📶 Halifax Hate crimes 🚪Housing Survey 🪡 Quilting Tour
This Globe and Mail piece arrived in my inbox explaining the the huge disconnect between the inclusion and diversity we see in the professional world, and what's really happening on the ground.
Hate Crimes Doubled in Halifax.
A spotlight shines on the 70 per cent increase across the province but little attention on the Halifax stat.
This Globe and Mail piece arrived in my inbox, How to bridge the disconnect between awareness by firms of anti-Black racism and real change, explaining the the huge disconnect between the inclusion and diversity we see in the professional world, and what's really happening on the ground.
The article noted a 92 per cent increase in crimes specifically targeting black populations across Canada–the greatest increase in hate crimes since Statistics Canada started counting in 2014. Yikes.
The article also mentioned a significant rise in hate crimes in Halifax. So I looked up the numbers from StatCan and sure enough, hate crimes in Halifax alone doubled.
Then a few days later, CBC released an article on the topic, "Reported hate crimes jumped across Nova Scotia in 2020, most involving race" citing a 70 per cent rise across Nova Scotia, the steepest in Canada.
One recent example is this story of a man who was sentenced (by a black judge, it just so happens) for threatening to burn down his black neighbour's home.
I'm sure many are surprised that these stats have risen despite increased representation of black, indigenous and people of colour on TV, in politics, and in business, but this is just one of four recent studies I know of, all done in 2020, showing that increased representation in public is no reflection of the lived experiences of our daily lives.
In fact it can be a red flag, a warning of emerging racist backlash in private spheres, and an urgent reminder for us to watch out for each other’s safety and wellbeing.
Have you seen increased backlash at home, school or work? Send me a voicemail about what you’re seeing in the world around you, in your own words.
Another government study on African Nova Scotian communities
The province has launched a study to assess the need for housing in this province. There is a long history of studies like this having negative impacts on the communities they aim to serve, mainly in terms of breeding cynicism and distrust.
Off the top of my head: public consultations on the Cogswell interchange, and the Wortley report on street checks.
The former resulted in some input from community about the design of the $122 million dollar project, but even then it was the local group 902ManUp who stepped in to ensure the community saw tangible benefits from the development, and the latter? Despite the fact that the Wortley report found black people were six times more likely to be stopped and checked (and have their information recorded) by police, without even being suspected of a crime, the fight against them is still ongoing. Kayla Borden filed a formal complaint against officers who wrongfully arrested her while in pursuit of someone else in July 2020, and recorded her information after they had already deemed her innocent of suspicious activity.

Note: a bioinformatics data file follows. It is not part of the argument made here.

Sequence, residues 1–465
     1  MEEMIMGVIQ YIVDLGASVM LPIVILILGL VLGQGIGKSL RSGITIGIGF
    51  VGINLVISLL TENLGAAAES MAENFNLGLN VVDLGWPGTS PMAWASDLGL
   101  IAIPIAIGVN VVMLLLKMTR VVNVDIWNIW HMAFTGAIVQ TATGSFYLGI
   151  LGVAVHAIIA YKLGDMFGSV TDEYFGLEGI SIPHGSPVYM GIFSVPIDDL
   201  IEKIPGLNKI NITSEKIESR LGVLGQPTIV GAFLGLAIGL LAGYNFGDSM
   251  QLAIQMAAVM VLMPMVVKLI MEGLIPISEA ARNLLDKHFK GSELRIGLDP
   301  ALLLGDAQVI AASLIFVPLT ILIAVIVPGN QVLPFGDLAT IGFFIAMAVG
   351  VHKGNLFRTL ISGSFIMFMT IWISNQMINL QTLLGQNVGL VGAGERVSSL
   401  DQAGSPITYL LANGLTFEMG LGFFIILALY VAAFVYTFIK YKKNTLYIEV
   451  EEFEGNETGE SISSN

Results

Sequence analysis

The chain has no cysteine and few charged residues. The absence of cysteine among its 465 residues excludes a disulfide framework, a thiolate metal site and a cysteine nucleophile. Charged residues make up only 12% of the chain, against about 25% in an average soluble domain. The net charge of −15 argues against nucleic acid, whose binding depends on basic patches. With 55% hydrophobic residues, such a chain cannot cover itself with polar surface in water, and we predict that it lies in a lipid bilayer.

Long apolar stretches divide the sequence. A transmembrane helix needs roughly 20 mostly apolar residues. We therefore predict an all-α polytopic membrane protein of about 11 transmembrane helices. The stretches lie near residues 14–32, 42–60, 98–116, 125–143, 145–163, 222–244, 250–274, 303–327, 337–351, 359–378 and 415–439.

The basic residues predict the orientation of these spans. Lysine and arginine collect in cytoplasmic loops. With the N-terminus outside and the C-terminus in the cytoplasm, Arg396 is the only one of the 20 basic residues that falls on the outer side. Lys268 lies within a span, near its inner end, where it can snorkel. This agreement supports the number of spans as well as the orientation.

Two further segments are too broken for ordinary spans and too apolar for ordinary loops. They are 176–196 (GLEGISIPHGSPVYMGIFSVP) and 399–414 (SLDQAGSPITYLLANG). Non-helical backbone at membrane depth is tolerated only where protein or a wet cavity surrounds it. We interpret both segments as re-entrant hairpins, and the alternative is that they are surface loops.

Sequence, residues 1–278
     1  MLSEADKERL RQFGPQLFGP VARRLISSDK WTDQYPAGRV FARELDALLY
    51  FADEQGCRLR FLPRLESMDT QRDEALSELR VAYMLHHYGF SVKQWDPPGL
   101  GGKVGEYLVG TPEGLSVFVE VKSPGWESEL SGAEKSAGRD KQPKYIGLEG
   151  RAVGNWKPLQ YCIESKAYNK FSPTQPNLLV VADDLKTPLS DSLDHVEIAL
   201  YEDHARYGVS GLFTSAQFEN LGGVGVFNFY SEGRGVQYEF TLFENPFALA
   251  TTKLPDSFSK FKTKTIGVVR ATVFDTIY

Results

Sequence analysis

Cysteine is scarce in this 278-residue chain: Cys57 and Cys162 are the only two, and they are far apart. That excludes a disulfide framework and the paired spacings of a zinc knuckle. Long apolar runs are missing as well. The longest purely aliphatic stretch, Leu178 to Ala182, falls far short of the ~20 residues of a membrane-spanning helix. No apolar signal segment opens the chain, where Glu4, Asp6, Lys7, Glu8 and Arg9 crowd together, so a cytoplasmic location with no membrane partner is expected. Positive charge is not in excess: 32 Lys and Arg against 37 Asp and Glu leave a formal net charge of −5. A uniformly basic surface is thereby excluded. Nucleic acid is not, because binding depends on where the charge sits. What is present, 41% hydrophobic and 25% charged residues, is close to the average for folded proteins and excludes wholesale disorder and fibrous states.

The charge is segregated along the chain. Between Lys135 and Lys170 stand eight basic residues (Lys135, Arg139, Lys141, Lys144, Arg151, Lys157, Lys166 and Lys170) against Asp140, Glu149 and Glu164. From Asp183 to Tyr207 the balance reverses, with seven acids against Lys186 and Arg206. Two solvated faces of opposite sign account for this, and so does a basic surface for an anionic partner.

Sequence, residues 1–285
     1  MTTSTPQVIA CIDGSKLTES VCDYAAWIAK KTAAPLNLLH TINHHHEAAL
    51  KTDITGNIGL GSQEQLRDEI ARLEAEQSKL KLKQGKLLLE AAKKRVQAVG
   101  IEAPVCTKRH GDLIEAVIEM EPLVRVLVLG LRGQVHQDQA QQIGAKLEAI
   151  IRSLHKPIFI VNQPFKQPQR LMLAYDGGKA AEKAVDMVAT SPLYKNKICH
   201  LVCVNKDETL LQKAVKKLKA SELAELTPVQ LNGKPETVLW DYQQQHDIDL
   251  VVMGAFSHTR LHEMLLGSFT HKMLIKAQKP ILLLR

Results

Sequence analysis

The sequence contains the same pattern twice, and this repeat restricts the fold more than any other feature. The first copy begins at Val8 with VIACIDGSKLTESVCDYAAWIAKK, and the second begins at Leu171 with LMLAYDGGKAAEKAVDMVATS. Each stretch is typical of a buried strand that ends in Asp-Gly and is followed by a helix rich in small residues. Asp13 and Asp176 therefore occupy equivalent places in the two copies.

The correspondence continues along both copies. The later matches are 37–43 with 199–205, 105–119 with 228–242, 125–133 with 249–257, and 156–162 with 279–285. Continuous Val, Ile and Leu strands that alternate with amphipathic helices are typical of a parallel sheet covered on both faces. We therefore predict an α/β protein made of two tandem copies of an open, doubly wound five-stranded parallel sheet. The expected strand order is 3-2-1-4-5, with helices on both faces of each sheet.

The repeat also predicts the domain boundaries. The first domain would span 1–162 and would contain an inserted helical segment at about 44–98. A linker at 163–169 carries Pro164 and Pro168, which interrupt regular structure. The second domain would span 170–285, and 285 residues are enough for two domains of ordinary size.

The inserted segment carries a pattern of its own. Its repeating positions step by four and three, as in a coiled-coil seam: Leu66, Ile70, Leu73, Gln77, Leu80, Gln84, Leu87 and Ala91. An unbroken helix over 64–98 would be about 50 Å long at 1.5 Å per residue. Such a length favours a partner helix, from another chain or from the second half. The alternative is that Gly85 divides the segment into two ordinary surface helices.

Every time one of these studies is done without concrete and beneficial action in response to the results, trust is eroded. (I'm reminded that the municipal government also consulted the Africville community before many were kicked out and dispersed across the city on garbage trucks).
Is something missing from this story? Send me a voicemail to tell me in your own words.
The Soul Train
[I'm not reading the Donald Glover interview because it's one of those things you just have to read for yourself.]
Why "The Soul Train?" The title is inspired by the longest running TV show in the United States (1971-2006), which showcased black joy, excitement, talent and diversity.
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I'm a journalist and digital producer who rejects the daily news format, instead embracing narrative, human-centred information and stories.
I've done work for The Coast–where I covered the local housing crisis and the growth of Airbnb–CBC, the Black Business Initiative magazine, Halifax Examiner, and Lion’s Roar, the largest Buddhist magazine in the English speaking world. I've also helped launch multiple journalistic startups based on community issues around race, media and politics.
Twice as Good is a newsletter where I curate black news that centres human stories and the deeper context behind the headline. I do this in both text and audio formats whenever possible, so you can listen or read as you wish.